Important Changes To Wisconsin’s Limited Liability Statute

Business
 Claudia DraceIn this article, West & Dunn student associate, Claudia Drace, addresses the new changes to Wisconsin statutes that govern how Wisconsin's Limited Liability Companies are organized and operated.
Do you currently own a Limited Liability Company (“LLC”) in Wisconsin or are you interested in starting one? If yes, you should know that on April 15, 2022, Wisconsin Governor Tony Evers signed the “2021 Wisconsin Act 258” that made important changes to Chapter 183 of the Wisconsin statutes that govern how Wisconsin LLCs are organized and run. With the passage of Act 258, Wisconsin joins 23 other states in modeling their LLC statutes after the Revised Uniform Limited Liability Company Act and the Revised Uniform Limited Partnership Act. Prior to these modifications, Wisconsin’s business laws have undergone minor revisions, but this is the first significant change since the enactment of the original Wisconsin LLC laws in 1994. To prepare for this change, we recommend reviewing and updating all LLC operating agreements to reflect the following changes:

The new law will govern all existing and future LLCs starting January 1, 2023. Pre-existing LLCs may elect to be governed by the new law prior to January 1, 2023, by amending their operating agreement and filing a Statement of Applicability with the Wisconsin Department of Financial Institutions (DFI).[1] Pre-existing LLCs can also opt-out of being governed by the new law and continue to operate under the old law by filing a Statement of Nonapplicability with the DFI on or before December 31, 2022.[2]

Under the old law, an LLC was not required to have an operating agreement. If an LLC did not have an operating agreement, then the provisions of Chapter 183 controlled. If an LLC did have an operating agreement, then the operating agreement had to be in writing. Under the new law, an operating agreement may exist even if the members of an LLC did not intend it. This is because the new law expands the definition of “operating agreement” to include agreements that are verbal, implied, in a record, or in any combination thereof.[3]  Accordingly, it is strongly recommended that all LLCs create a clearly drafted operating agreement defining the rights and obligations of members and the company instead of relying on past acts, verbal communications or implications to create an operating agreement that may or may not carry out the intent of the members.

The new law also more clearly defines the scope of what can and cannot be included in the operating agreement. Many examples hinge on clarifying the duty of loyalty members have to each other such as: (1) specifying what does and does not violate the duty of loyalty; (2) altering or restricting the remedies if a duty of loyalty is breached; (3) specifying what activities violate the obligation of good faith and fair dealing; (4) changing the duty of care members have to each other; and (5) expanding or restricting member fiduciary duties.[4] Some examples of what a written operating agreement cannot do under the new law are: (1) it cannot eliminate or restrict remedies owed for a breach of the duty of good faith and fair dealing; (2) it cannot allow for indemnification of a member where that member knowingly fails to deal fairly in matters in which that member has a material conflict of interest; (3) it cannot allow for indemnification for violations of criminal law; (4) it cannot allow for indemnification for transactions resulting in an improper personal profit to a member; and (5) it cannot allow the company to indemnify a member for engaging in willful misconduct.[5]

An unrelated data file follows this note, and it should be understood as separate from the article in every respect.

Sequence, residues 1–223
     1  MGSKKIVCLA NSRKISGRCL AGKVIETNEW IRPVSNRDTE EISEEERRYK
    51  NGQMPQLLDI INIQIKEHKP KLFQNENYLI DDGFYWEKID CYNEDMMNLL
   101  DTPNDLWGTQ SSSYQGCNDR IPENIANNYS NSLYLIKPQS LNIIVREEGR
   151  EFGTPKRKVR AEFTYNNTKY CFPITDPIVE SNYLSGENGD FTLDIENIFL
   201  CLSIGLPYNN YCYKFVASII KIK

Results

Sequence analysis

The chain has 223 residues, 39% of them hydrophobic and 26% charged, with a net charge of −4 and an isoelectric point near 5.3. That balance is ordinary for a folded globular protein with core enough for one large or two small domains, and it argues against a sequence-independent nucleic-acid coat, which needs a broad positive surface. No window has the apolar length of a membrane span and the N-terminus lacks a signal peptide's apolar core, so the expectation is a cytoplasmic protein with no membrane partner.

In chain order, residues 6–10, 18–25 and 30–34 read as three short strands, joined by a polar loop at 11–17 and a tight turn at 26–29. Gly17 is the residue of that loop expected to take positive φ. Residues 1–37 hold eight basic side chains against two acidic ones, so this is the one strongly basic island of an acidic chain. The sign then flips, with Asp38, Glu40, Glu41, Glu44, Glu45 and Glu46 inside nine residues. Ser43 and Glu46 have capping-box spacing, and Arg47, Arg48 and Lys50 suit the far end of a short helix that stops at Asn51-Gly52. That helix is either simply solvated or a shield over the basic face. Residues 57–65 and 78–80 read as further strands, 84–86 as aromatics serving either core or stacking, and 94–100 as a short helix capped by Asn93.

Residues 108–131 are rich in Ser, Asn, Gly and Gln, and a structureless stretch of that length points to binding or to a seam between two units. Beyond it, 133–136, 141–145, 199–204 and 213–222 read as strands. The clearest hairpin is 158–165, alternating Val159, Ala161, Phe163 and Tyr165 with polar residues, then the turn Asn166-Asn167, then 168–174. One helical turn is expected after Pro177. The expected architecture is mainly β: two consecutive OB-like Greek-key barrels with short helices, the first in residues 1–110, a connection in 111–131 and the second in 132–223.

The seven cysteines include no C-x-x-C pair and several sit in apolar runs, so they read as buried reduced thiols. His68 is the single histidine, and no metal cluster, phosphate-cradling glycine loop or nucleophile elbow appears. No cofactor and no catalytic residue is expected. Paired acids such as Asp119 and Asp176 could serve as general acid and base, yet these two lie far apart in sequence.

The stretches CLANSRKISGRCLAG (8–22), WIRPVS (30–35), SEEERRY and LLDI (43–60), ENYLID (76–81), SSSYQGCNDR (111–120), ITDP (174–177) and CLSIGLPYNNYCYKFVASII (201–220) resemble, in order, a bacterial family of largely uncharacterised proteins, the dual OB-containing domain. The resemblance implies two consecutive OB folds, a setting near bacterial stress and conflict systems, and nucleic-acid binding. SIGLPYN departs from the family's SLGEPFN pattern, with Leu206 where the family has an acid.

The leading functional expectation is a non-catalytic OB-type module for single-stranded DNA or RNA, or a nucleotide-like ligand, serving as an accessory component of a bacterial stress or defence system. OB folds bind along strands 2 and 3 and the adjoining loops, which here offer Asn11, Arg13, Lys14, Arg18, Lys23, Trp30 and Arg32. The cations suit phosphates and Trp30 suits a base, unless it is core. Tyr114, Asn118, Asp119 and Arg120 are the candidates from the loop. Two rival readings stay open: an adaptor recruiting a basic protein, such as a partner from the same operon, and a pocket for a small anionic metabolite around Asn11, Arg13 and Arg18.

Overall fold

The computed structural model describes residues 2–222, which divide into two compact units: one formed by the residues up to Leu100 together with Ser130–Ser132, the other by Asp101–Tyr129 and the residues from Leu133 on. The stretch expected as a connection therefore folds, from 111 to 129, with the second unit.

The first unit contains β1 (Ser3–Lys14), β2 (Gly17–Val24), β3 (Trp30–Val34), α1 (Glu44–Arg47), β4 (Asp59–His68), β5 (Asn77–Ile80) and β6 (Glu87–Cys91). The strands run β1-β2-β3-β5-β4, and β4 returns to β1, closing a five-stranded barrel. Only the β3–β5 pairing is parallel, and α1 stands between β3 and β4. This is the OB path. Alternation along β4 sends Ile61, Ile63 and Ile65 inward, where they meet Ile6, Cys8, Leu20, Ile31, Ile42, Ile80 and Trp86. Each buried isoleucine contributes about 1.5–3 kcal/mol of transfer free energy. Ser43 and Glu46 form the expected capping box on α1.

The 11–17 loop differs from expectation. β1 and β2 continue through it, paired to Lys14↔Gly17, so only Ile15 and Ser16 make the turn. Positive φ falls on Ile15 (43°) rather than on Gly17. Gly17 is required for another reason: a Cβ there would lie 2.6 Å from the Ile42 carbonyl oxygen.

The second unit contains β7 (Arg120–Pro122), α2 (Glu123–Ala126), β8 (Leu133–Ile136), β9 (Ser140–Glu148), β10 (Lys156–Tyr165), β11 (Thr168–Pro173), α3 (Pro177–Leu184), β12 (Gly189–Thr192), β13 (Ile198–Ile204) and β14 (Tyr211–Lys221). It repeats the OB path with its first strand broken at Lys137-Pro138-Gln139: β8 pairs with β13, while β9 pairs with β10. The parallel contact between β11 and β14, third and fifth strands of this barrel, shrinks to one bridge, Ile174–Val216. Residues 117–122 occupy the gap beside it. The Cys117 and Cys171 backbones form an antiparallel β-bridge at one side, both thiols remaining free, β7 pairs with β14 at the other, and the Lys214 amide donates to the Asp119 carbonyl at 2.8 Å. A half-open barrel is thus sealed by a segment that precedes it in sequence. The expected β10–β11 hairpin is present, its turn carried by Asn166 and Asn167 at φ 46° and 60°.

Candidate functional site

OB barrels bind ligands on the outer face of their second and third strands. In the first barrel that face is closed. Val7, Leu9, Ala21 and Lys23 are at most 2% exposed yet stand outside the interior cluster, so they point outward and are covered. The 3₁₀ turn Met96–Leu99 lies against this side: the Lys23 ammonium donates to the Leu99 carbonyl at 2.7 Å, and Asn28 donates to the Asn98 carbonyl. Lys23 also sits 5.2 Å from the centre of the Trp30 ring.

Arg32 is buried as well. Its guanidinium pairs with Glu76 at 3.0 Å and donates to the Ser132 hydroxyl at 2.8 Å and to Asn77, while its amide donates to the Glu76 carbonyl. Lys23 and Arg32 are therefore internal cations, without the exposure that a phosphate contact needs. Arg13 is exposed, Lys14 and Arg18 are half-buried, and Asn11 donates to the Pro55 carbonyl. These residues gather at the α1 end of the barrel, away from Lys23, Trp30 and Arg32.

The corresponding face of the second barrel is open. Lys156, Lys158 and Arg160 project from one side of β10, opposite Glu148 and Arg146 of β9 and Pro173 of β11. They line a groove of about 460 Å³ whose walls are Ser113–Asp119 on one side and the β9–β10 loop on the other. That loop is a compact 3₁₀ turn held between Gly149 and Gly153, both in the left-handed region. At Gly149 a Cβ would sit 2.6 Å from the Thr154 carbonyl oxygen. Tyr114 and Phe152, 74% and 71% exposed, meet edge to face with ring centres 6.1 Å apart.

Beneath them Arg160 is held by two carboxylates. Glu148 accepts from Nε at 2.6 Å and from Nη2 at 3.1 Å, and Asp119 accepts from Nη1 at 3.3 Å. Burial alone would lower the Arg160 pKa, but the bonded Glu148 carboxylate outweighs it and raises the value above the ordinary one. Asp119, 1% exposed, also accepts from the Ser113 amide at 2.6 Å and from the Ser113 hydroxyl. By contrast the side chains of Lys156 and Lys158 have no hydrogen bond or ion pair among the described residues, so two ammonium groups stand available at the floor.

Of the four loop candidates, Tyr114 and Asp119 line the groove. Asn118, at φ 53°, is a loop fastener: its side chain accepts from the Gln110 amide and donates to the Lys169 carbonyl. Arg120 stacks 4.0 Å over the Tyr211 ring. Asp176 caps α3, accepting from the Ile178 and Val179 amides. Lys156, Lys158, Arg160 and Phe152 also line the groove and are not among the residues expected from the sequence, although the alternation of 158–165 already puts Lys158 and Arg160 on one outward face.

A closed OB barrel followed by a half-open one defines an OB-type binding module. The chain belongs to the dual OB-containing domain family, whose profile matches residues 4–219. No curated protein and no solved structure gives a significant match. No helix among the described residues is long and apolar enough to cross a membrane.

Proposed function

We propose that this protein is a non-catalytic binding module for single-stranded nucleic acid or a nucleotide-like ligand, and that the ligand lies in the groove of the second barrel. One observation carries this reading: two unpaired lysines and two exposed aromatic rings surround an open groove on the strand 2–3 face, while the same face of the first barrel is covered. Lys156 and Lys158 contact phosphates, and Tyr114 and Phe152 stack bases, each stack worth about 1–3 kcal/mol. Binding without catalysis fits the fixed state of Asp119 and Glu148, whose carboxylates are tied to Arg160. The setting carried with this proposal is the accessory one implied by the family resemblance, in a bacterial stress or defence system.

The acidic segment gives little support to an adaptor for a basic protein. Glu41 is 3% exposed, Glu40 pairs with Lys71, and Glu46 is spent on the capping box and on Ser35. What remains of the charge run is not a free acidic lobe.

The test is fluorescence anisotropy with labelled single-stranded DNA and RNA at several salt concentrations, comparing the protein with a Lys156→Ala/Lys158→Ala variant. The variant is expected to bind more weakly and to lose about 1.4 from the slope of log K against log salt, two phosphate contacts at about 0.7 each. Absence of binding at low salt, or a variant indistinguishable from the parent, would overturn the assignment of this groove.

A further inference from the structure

Whether you have an operating agreement that predates Act 258 or if you want to create a new LLC, we recommend meeting with an attorney to ensure that your operating agreement is in compliance with these new guidelines. Therefore, if you have questions about these recent, significant changes to the LLC law, how to create or amend your LLC’s articles of organization, how to form a new LLC., or any other legal matter related to business organizations, please feel free to reach out to the legal professionals at West & Dunn online or by telephone at (608) 490-9449.

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